In 2008, after more than a decade of on-and-off again playing, I got back into Magic forever with Shards of Alara. The multicolor mayhem and plentiful cubes at my then-local game store inspired me to put the two ideas together. While “the Pauper multicolor cube” wasn’t something that could exist for another few years, honing the idea of using commons stuck. With the help of cube aficionado (and amazing artist) Eric Klug a tight, fun cube of powerful commons came together.
Today, “the Pauper cube” is a Magic fan-favorite that’s been featured by many of the game’s top content creators.
What Makes This Cube Great?
There are many reasons players enjoy the Pauper cube:
- It’s inexpensive! Magic is 25+ year old game with rare and collectible cards as expensive as you can imagine. However, even the priciest commons come at a cost far lower than many other cards. Building a cube, and keeping it updated, is easy when your upfront investment and maintainence costs are low.
- It’s interactive! Every color gets to play some of the Magic‘s iconic cards. From Lightning Bolt to Counterspell to Doom Blade to Rancor, many of the cherished cards we fell in love with when learning the game are featured in the cube because they were commons.
- It’s skill-testing! There are obvious archetypes and strategies to use, and there is variety for players that have been around the game longer. If you like maximizing value and discovering interesting synergy between cards, the Pauper cube is for you.
What Are The Construction Rules For The Cube?
While “only commons” seems like a simple rule, there are a few complications:
- Pauper, as a competitive format, using commons as designated in Magic Online. As such, there are several “commons” online that never received a common printing in paper.
- Since Pauper is defined by Magic Online, it also excludes many commons from Magic‘s oldest sets that have not been released online.
- Finally, what a “common” is in paper among Magic‘s oldest sets is unclear. While the official Magic card database, The Gatherer, shows some old cards as uncommon they were actually printed on the common sheet. According to print rules, and at-the-time Magic‘s rules manager, that makes those cards common:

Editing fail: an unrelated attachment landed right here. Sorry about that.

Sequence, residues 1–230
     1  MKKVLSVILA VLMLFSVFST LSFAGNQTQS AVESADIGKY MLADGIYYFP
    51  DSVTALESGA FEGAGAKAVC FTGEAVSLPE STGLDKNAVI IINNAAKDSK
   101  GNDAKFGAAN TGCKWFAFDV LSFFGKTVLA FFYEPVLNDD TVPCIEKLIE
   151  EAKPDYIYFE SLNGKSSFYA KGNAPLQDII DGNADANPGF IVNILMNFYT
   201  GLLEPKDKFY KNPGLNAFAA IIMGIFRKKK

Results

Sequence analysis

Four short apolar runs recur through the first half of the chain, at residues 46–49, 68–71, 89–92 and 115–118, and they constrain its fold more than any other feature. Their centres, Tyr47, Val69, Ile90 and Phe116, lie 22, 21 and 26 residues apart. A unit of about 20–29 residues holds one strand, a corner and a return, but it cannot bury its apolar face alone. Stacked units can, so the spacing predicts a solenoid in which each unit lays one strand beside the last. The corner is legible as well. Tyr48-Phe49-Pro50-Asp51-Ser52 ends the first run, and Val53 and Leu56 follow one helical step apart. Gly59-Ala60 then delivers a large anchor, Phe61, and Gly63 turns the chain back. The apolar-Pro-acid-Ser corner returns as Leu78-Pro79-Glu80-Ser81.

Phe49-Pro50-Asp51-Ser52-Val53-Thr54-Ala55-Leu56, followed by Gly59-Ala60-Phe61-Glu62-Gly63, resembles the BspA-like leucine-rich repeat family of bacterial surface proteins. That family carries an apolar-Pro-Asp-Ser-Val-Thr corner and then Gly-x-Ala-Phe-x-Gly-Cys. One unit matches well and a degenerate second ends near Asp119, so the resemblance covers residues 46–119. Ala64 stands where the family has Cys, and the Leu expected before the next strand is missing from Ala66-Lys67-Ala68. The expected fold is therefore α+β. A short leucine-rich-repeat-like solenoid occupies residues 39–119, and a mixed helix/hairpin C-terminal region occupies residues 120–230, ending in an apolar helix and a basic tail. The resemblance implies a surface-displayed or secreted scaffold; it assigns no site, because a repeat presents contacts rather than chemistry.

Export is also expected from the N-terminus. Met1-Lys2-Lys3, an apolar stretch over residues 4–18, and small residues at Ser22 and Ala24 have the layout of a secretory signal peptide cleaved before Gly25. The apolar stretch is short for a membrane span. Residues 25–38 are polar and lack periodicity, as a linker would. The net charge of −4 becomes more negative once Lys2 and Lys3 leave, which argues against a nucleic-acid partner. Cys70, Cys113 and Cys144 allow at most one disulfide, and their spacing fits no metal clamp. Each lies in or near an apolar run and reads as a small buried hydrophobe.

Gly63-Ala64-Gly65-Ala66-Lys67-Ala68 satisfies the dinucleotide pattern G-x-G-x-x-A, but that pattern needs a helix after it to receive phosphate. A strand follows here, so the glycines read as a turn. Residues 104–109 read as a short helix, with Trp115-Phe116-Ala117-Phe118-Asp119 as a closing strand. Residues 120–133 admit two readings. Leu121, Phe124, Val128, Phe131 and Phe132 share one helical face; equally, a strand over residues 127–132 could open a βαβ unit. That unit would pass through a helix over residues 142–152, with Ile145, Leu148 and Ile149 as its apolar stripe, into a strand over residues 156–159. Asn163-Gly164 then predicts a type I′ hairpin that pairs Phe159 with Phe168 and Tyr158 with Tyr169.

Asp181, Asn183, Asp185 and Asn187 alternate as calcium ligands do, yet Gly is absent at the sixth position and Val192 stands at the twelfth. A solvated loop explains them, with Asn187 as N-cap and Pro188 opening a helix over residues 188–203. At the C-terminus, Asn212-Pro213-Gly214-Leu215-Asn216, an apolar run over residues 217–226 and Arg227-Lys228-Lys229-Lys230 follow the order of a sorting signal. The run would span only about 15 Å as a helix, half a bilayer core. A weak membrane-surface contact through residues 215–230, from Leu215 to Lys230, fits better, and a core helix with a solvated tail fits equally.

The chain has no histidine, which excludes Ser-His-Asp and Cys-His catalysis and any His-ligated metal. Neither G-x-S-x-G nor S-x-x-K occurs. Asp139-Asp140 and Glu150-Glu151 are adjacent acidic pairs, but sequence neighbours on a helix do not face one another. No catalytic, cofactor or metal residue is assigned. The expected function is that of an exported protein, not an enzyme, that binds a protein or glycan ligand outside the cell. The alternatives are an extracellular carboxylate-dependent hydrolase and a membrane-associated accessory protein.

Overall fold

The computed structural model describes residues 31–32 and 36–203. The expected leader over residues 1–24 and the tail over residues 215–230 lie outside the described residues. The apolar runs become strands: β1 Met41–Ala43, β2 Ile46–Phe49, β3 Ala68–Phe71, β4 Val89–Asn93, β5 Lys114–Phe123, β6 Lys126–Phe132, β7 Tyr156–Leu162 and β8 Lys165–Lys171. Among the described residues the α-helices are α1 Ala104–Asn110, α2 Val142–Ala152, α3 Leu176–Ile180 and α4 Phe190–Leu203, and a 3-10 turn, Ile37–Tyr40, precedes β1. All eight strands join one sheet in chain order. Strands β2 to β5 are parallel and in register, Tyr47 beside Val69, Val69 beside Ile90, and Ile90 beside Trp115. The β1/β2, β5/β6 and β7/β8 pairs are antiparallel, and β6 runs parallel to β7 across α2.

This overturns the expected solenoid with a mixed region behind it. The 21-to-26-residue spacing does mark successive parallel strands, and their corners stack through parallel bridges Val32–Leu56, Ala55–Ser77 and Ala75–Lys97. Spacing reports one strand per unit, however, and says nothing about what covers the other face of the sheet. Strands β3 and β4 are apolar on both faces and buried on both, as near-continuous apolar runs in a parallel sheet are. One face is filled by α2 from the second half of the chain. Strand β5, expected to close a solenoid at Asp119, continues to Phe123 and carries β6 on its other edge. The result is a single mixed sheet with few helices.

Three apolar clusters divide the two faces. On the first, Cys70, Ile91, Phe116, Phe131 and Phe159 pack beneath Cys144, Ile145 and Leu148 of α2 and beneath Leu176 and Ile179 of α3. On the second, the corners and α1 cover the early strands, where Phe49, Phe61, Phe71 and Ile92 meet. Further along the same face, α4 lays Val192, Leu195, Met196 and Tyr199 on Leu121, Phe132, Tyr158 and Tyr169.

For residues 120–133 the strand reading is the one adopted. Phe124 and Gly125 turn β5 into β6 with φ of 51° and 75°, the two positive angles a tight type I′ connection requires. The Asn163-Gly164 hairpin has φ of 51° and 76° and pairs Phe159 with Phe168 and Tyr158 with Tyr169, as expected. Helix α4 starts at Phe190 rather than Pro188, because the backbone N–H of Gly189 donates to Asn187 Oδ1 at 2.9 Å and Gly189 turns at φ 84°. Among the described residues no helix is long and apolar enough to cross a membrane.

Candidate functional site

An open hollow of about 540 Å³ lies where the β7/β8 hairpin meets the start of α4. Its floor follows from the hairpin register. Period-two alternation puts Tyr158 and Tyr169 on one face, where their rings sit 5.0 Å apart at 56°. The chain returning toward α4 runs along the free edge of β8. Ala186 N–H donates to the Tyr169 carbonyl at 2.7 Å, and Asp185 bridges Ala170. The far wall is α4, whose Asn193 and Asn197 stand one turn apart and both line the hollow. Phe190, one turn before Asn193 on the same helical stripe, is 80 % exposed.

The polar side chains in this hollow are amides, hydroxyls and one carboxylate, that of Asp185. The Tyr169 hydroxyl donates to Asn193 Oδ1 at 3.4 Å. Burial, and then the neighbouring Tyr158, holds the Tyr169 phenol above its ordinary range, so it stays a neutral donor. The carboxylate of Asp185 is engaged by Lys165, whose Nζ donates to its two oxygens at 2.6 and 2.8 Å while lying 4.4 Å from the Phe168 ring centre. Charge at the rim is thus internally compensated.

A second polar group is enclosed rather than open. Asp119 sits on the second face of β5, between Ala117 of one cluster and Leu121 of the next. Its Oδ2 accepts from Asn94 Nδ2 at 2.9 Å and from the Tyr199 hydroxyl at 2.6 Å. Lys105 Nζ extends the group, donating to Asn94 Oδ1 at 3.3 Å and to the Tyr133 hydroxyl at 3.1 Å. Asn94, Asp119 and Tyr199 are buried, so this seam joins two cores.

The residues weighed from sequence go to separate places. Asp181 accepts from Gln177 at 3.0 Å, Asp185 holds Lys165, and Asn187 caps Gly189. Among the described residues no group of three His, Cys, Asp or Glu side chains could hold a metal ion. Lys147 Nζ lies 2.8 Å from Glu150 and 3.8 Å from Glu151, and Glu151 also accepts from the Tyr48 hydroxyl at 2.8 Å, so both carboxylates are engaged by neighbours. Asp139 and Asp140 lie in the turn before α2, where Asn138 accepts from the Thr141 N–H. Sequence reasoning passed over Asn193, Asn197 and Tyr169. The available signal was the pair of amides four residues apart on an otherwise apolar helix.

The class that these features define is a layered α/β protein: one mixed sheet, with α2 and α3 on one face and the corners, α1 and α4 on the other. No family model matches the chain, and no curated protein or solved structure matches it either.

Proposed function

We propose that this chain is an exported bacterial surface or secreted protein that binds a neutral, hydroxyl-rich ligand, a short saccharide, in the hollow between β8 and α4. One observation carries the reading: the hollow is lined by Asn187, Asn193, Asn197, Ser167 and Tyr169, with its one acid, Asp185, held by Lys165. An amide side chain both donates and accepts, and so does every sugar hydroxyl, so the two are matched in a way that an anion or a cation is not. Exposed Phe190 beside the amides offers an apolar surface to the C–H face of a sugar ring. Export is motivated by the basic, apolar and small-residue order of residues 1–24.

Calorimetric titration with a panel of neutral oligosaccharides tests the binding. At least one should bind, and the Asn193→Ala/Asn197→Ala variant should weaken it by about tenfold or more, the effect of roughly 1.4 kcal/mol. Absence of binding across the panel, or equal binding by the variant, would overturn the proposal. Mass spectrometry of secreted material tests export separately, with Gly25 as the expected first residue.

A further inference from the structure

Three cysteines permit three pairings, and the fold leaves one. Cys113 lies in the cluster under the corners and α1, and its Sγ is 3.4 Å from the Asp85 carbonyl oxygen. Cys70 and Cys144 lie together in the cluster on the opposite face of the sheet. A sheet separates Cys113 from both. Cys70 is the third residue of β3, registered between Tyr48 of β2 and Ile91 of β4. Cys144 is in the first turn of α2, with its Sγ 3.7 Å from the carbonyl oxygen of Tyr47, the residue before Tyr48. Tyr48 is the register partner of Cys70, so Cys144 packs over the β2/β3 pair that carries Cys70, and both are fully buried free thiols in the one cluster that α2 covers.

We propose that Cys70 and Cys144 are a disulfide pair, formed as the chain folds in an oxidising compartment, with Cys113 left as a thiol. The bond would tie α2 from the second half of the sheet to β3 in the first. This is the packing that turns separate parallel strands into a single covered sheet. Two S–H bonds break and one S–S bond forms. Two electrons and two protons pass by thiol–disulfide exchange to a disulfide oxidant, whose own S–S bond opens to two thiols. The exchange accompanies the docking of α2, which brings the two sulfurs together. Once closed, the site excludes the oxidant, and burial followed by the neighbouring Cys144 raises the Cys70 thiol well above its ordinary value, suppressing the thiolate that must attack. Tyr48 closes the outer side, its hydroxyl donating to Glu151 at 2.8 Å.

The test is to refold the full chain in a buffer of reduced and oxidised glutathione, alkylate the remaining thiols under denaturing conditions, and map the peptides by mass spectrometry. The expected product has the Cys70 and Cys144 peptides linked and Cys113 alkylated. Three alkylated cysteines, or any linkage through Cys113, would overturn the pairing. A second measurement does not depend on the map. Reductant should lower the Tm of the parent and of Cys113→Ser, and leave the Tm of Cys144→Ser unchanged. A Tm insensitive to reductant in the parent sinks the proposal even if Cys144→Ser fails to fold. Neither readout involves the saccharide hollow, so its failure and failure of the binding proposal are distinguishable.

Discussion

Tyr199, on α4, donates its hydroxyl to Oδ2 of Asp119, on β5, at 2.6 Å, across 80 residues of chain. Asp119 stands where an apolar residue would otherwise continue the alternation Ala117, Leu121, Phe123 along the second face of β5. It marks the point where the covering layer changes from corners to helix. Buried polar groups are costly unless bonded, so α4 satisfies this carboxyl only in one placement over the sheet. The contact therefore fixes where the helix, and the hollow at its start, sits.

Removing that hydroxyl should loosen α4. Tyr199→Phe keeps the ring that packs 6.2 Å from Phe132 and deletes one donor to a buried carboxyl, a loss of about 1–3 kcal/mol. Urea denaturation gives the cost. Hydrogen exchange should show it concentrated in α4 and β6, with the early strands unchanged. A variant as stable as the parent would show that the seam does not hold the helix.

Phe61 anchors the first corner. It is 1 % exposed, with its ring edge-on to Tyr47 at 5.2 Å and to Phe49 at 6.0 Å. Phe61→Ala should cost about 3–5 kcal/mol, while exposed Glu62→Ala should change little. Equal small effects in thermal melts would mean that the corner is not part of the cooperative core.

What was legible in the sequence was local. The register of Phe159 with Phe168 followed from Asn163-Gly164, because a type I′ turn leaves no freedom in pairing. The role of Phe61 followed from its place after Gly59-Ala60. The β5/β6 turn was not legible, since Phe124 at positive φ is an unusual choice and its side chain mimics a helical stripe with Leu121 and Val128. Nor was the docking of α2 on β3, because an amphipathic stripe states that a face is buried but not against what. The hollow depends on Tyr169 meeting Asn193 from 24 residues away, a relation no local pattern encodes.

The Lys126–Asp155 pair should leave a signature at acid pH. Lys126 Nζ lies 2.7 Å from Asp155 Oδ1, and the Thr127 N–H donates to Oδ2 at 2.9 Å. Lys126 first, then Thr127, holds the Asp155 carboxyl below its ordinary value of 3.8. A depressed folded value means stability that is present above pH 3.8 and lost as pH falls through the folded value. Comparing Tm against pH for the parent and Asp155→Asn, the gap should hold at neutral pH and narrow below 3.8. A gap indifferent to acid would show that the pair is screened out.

— Matt Tabak (@TabakRules) September 1, 2014
The solution here was to include any common legality. While the cube breaks any one of the ways to define Pauper, it’s because cube can be whatever you want it to be that this cube takes the widest approach. While this makes a handful of “commons” more expensive than what you would expect, it’s also easy to swap or cut those cards from your own take on the cube. That’s what cubes are for.
In fact, there are plenty of reasons to take what you find here and turn it on your own path. There’s no one perfect way to cube, and if this gets you started then that’s awesome.
Where Can I Find The Cube List?
There are many cube and decklist sites out there, but my Google Sheet for the Pauper cube is where I prefer to keep the list updated. (It’s also linked in the top menu for easy access anytime.) A spreadsheet is boring, but without bells and whistles it’s helpful to focus on the small things. I don’t need every tool under the sun, and with a Change Log reaching back five years makes it possible to see how the cubes has reshaped itself time after time. The sheet also tracks the tokens you’ll need for all the cards in the cube, and provides a (mostly complete) list of set codes for different versions of cards.
Since the cube is a Google Sheet you can create your own copy and instantly start tracking your changes, or create a version to upload for your favorite Magic website. I made it easy to understand and thorough so you can customize it however you’d like to.
How Often Is The Cube Updated?
Every set! I pore over all the common in new Magic releases looking for the best opportunities to refine the cube. Each update changes some of the game play experience, adding new cards to update strategies and focusing on one or two color pairs that I’ve received the most feedback about. Keeping a Limited format interesting with “fun” games—win or lose—is challenging and subjective, and I won’t ever get it perfect. But for those that want to try new cards often and love to have an easy-to-keep-up format on hand, every update promises to tweak your notions about how games will play out.
Now, with a dedicated blogging platform for smaller bites of information I can share updates and ideas faster. Within a few days of a set’s release you can expect a dedicated blog post giving you all the changes.
How Do I Buy/Build The Cube?
Buying 400-ish unique cards all at once is challenging. For each update I create freeform “decks” on TCGplayer.com, broken down by the cards added and cut, as well as each color section of the cube. I generally find the best prices for commons there, and purchasing one section of the cube at a time is easy to do. (Disclosure: I previously worked for TCGplayer, and don’t earn any commission/affiliate fees from linking you to there.)
With the full list as a Google Sheet you can copy the entire list—or just the cards you need—to submit to your favorite online retailer, share it with your local game store’s manager or poll your friends for which cards they can share.
How Many Copies Of Each Basic Land Do I Need?
Since Magic releases a variety of common dual lands (that are included in the cube) I run 40 to 50 copies of each basic land.
I Love The Pauper Cube! How Can I Help You?
That’s very kind of you! Check out the Support page to see how you can make a difference for the Pauper cube, and what ways you can share your appreciation for all the work that’s gone into it over the years.